As editor and founder of AudioFile magazine, Robin Whitten comes across a LOT of audiobooks. She started AudioFile 25 years ago and was an avid listener even before that—so she knows the world of audiobooks! Every week in “Robin’s Roundup,” she recommends fresh titles that have caught her ear—the quirky, the trendy, and the most interesting new audiobooks of the week. Look for her posts each Friday on the blog to get your weekend listening picks!
New Swedish noir from Anders de la Motte and a curious gem performed by Derek Jacobi
A couple of the audiobooks in this week’s new reviews have European provenance. THE SECRET DIARY OF HENDRIK GROEN: 83 1/4 Years Old by Hendrik Groen is a Dutch bestseller published in 2014. The brilliant Derek Jacobi performs pseudonymous author Groen’s diary as a listener’s delight, delivering the emotional beats and subtle layers of humor.
For listeners who relish Swedish noir mystery, Anders de La Motte may be an author to check out. MEMORANDOM follows his successful GAME trilogy. Narrator Peter Noble does a great job leading listeners into an intriguing thriller that reflects the clear authenticity of de la Motte’s law enforcement background.
Being in the midst of summer, I would think we’d be seeing more baseball audiobooks. THE PRIDE OF THE YANKEES sounds like a real nostalgia piece, and will take many listeners back to 1942 with the story of Lou Gehrig and the making of the Gary Cooper movie. The season is long, so more choices for baseball may come along.
We do seem to be in love with book covers with dogs . . .and COLLARED is no exception. Of course, it’s not just the cover—David Rosenfelt’s Andy Carpenter series is owned by narrator Grover Gardner. An Earphones Award here, but definitely not the duo’s first. I love this comment from AudioFile reviewer Brian Price: “Gardner’s wonderful combination of the rhythms of Sam Spade and the irreverent tones of Mark Twain make this diverting whodunit a listening treasure.” That’s my listening for this week.
A little laughter, a little love, new thriller pairings & another set for McEnroe
This week two new audiobooks that caught my eye, and ear, are filled with humor, warmth, and family dynamics. Mother and daughter author duo, Lisa Scottoline and Francesca Serritella, are pretty irresistible in their latest essay collection I NEED A LIFEGUARD EVERYWHERE BUT THE POOL. Smile from the title on in. Another writer who keeps me in stitches is Adrianna Trigiani. Her new audiobook KISS CARLO looks like a winner. With Edoardo Ballerini as the narrator, how could this sojourn with a postwar Italian-American family not be a delicious listen? (The story does include culinary specialties!)
When I talk about author-read memoirs, I always reserve the right to dispute whether the author IS actually the best narrator. In the case of John McEnroe’s BUT SERIOUSLY it seems like this just had to be the author. McEnroe gives the full-on assault of voice and personality. It’ll be love it or leave it, for sure.
The mash-up of MATCHUP sounds really intriguing to me. Lee Child edited a collection of short stories in which A-List thriller writers pair up their series’ protagonists: Lee Child and Kathy Reichs match Jack Reacher and Temperance Brennan; Lisa Scottoline and Nelson DeMille pair their Benny Rosato and John Corey. Add in talented narrators and, what a gang!
In the week when I had eyes on the G-20 meeting of world leaders, I should have listened to BEHAVE, Stanford professor Robert Sapolsky’s audiobook on the science of human behavior—the good and bad. Narrator Michael Goldstrom gets top marks for getting listeners through this dense and fascinating topic. (And you have to love Sapolsky’s author photo from a 2007 Stanford News article.)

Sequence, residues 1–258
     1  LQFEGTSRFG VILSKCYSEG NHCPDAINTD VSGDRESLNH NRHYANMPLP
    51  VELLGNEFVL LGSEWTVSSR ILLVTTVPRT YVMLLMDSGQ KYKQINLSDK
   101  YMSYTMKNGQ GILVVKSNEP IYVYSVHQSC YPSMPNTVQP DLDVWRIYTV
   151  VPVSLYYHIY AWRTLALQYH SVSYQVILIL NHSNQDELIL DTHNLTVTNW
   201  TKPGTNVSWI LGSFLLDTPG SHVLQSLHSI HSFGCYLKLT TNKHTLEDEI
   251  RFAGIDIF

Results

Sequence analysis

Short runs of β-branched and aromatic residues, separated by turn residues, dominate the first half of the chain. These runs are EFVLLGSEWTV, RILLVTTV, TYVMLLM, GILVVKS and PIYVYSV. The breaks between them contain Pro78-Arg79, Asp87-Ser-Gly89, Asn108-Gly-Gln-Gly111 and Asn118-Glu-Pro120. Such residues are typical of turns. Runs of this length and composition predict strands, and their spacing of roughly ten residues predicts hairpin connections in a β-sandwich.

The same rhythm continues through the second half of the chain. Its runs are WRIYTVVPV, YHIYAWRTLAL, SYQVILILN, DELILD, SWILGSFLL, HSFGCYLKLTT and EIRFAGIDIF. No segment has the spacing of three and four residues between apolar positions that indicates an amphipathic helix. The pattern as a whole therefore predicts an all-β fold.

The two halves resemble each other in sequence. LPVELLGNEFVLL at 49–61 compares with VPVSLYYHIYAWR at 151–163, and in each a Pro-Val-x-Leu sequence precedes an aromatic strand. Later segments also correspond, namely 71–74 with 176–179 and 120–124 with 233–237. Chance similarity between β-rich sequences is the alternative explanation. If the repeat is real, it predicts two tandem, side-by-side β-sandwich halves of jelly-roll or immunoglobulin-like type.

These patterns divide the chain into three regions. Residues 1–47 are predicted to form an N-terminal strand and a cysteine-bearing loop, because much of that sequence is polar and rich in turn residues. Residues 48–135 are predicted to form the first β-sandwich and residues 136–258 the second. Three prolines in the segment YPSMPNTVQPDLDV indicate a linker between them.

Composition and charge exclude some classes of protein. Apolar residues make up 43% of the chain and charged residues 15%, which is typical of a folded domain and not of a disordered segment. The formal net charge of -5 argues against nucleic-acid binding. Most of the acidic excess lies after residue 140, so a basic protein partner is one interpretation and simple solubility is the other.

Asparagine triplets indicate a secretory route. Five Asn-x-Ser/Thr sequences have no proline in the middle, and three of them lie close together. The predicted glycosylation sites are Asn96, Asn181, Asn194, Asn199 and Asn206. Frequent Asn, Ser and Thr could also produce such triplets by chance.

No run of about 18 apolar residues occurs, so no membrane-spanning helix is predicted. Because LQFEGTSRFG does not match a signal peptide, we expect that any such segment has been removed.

Talk about bad behavior—Bonnie Parker of Bonnie & Clyde gets a splendid backstory from Jenni Walsh in BECOMING BONNIE. Susan Bennett gets Earphones for her performance. And Henry VIII ranks right up there in bad behavior . . . something to think about while listening to ANNE BOLEYN: A KING’S OBSESSION by historian Alison Weir. Narrator Rosalyn Landor delivers both pitch-perfect characters and Tudor atmosphere.
An interesting audiobook of debut fiction that caught my eye was Alexandra Fuller’s QUIET UNTIL THE THAW. Fuller, known for her memoirs of pre-apartheid Africa (DON’T LET’S GO TO THE DOGS TONIGHT), tells an intense story of two Lakota Oglala Sioux cousins. Listen to Fuller’s recent interview on NPR for more insights into the research and story behind this novel.
Quiet Until the Thaw
Look for more highlights in next week’s Robin’s RoundUp!
A snapshot of audiobooks worth your listening time from reviews published this week
It’s hard to stay up with the 40 new audiobook reviews we publish each week, so here are a handful of titles that caught my eye, and ear!
Caitlyn Jenner’s memoir THE SECRETS OF MY LIFE gives listeners a glimpse into a life that has been fully in the spotlight, but offers listeners aspects we can find relatable.
Two young adult titles have appeal beyond the so-called target audience. THE GENTLEMAN’S GUIDE TO VICE AND VIRTUE, Mackenzi Lee’s romp of a grand tour, is perfect for audio, “an absolute delight of a listen.” A detail of Cath Crowley’s WORDS IN DEEP BLUE won my heart—a used bookstore where notes are passed inside the pages of favorite books. Two new narrators give an Earphones Award-worthy performance.
My nod to the most intriguing title this week goes to ASTROPHYSICS FOR PEOPLE IN A HURRY. Neil deGrasse Tyson, StarTalk Radio host and director of the Hayden Planetarium, really does have a knack of making even the densest of topics interesting—and audio is the perfect medium to make them accessible.
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